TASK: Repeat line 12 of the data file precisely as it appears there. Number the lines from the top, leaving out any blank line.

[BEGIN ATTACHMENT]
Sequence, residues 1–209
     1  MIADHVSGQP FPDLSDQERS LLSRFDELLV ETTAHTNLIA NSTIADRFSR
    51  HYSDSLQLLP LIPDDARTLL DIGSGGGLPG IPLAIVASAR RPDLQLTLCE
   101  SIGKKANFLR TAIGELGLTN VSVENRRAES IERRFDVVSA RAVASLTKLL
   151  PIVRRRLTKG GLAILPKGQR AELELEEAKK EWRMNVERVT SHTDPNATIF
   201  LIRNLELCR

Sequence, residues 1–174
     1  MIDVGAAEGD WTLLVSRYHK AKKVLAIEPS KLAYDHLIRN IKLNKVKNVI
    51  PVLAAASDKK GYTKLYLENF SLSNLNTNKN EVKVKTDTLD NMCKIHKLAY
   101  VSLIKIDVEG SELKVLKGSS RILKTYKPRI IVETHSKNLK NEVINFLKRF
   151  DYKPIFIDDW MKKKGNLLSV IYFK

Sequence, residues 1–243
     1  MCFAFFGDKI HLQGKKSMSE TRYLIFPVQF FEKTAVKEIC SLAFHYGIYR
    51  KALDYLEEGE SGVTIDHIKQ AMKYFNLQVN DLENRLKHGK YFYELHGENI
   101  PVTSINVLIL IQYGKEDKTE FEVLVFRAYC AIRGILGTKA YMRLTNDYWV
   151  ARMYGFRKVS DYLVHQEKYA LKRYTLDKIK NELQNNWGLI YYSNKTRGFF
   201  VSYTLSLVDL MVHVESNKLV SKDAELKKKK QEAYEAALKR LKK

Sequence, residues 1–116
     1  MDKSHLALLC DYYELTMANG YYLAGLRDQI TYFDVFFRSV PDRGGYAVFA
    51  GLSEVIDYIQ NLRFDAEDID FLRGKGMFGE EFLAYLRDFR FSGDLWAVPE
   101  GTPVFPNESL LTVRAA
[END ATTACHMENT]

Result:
Sequence, residues 1–243